The history of these people might well be supposed to end here; but their restless dispositions were not calculated to remain long in peace.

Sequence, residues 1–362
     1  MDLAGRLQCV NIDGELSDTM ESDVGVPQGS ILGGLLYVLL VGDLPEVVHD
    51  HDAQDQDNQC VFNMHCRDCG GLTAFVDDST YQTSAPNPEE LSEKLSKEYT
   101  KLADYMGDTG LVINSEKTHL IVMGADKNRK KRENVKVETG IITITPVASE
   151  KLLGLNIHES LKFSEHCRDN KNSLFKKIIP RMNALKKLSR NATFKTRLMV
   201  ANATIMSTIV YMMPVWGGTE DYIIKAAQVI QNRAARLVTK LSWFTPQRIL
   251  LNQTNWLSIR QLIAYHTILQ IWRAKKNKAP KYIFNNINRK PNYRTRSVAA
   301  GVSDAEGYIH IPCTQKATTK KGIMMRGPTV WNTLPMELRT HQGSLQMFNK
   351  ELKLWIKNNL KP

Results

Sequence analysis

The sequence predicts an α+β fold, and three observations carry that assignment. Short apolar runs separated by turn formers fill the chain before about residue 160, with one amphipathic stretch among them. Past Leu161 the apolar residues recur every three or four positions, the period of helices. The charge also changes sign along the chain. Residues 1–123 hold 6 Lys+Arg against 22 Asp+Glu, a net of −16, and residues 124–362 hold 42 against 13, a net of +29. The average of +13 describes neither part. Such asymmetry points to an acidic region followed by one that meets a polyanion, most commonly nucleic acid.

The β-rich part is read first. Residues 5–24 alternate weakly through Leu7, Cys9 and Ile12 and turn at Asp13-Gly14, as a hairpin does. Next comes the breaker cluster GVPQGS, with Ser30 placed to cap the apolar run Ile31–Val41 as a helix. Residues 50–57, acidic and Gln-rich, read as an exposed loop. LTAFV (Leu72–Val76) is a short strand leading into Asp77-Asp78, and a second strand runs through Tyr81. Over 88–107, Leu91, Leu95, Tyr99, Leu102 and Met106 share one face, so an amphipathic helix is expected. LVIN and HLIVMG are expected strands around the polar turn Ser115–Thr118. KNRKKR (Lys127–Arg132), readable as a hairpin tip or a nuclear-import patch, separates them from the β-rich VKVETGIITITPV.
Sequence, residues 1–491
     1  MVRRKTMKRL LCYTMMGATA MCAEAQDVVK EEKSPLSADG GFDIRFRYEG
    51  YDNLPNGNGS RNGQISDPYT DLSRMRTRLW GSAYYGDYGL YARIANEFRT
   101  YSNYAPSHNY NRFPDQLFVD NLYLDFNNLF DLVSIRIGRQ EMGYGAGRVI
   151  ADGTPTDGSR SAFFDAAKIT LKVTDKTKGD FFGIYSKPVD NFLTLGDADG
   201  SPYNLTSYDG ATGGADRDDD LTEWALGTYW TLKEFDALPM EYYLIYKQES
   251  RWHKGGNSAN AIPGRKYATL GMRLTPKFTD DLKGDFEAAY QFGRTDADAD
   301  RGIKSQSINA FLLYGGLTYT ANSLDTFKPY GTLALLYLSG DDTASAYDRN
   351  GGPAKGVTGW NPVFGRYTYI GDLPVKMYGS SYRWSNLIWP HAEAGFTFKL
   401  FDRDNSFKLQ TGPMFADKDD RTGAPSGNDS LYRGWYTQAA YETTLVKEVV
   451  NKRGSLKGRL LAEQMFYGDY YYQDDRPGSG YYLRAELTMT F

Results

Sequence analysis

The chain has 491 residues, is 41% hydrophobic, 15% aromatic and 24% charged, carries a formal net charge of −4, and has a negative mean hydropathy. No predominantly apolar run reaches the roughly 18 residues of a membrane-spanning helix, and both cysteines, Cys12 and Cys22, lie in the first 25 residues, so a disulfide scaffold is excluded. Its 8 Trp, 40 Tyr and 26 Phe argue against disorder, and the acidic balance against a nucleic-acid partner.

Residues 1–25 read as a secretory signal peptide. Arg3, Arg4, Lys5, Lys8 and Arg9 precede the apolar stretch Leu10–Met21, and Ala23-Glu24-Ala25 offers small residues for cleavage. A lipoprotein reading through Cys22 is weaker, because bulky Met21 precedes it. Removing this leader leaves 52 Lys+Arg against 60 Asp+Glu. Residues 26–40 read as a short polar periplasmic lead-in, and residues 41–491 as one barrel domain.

It will be seen, on recurring to the transactions of the month of October last, that a boat belonging to a settler had been carried off in the night, by some people who were supposed to have taken her out to sea, where, from the weakness of the boat, they must soon have perished: but they were now heard of again. Owen Cavanagh, a free man, had a boat which he employed in transporting grain from the Hawkesbury to Sydney. On the 10th of this month, he informed the governor, that, a short time before, his boat had been boarded in the night, off Mullett Island, by the very people who had stolen the one from the settler, and carried her off, with another containing fifty bushels of grain which some other person was bringing to Sydney. One man, who had, against his wish, been concerned in the first seizure, now left them, and returned with Cavanagh; and from him the following account of their proceedings was obtained. Having effected the capture, they proceeded to the southward, with the intention of reaching the wreck of the ship Sydney Cove. For their guide, they had a pocket compass, of which scarcely one man of the fourteen who composed the party knew the use. In this boat they were twice thrown on shore, and at last reached an island, where, had they not fortunately found many birds and seals, they must inevitably have perished. From the inconceivable hardships they underwent, they would to a man have gladly returned, could they have hoped that their punishment would have been any thing short of death. Finding it impossible for such a number of discontented beings to continue of one mind, or to be able to furnish food in their miserable situation for so many, they judged it necessary, from a motive of self-preservation, that one half should deceive the other half; and while these were asleep, those who were prepared took away the boat, leaving their seven wretched and unsuspecting companions upon the desolate island, the situation of which this man could not describe so as to enable the governor at any time to find it. Their number now being reduced to seven, and thinking themselves in danger near this port, they had been lurking for some time about Broken Bay, with a view of capturing a better boat loaded with grain from the Hawkesbury; which they effected, first by taking the boat of Owen Cavanagh, the support of whose wife and children it had long been. After securing him, they took possession of a smaller boat, containing upwards of fifty bushels of wheat; and, finding Cavanagh’s the largest and best of the two, they ran out about three or four leagues from the land, when they shifted their prisoners into the smaller boat, and stood off to the Northward; where it was very probable they would lose their boat, she being of such a size, that if they should get her on shore by any accident, they would not be able to launch her again, and must finally perish.